23rd Apr 2012 12:45am | By Simon Webster
It’s no surprise that Darwin is home to Australia’s biggest beer-drinkers, after being terrorised by cyclones, Japanese bombs and crocs
The first time I went to Darwin I flew from Sydney, and the Territory’s capital felt like a hick town. All I could see were beer-bellies and beards. The second time, I arrived by car, at the end of a 10-day cross-country drive from Cooktown, and Darwin seemed like a metropolis of millions, an oasis of sophistication, a hub of commerce. The city hadn’t changed – surely not much, anyway, in just six months – but my perspective had. Fly there from another big city and there’s a danger you’ll be underwhelmed; drive there and you’ll be amazed at what’s on offer. After all, you’ll have just spent days looking at nothing. Very cunning of the city fathers to make Darwin seem bigger than it is by positioning it a million miles from anywhere. Very cunning, indeed.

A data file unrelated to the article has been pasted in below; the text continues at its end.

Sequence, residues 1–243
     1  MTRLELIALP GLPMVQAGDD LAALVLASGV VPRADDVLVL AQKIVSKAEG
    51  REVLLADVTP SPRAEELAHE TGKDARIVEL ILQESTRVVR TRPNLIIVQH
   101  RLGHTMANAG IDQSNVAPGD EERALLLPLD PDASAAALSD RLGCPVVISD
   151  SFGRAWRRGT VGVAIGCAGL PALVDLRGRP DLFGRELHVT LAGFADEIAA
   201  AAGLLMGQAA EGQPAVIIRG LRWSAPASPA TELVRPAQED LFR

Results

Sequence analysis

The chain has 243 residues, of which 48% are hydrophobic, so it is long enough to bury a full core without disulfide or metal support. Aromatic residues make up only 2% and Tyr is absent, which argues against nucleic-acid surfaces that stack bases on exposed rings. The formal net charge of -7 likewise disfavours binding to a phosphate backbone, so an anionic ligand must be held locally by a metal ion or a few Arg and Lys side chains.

Half the population of the Northern Territory call Darwin their home. That adds up to a whole 106,000 people. Not many for a state capital, but that’s all part of the city’s charm. One minute you’re playing blackjack in the casino, the next you’re chatting to strangers in the supermarket. It’s the old big-town-small-town trick. Works every time.
Darwin’s obviously a great base from which to explore Kakadu and Litchfield national parks. It’s also a great little city in its own right, and contrary to what you might have heard, there’s more to do than visit a croc farm and feed the fish. The markets are excellent, too — what with the Sunday morning session in Nightcliff, Saturday morning in Parap, or Thursday night at Mindil Beach, there’s some serious bargain-hunting to be done around town.
Even if you’d rather go to the dentist than go shopping, Mindil Beach is well worth a visit. Darwin’s proximity to Asia is reflected here, with inexpensive food from all over the continent and beyond on offer, as well as funny-looking boys juggling fire and all that kind of thing.
Some might say the only culture you’re likely to find in the Top End is in the yoghurt, but other ways of taking advantage of the tropical nights include the Deckchair Cinema, and an outdoor classical concert season courtesy of the Darwin Symphony Orchestra.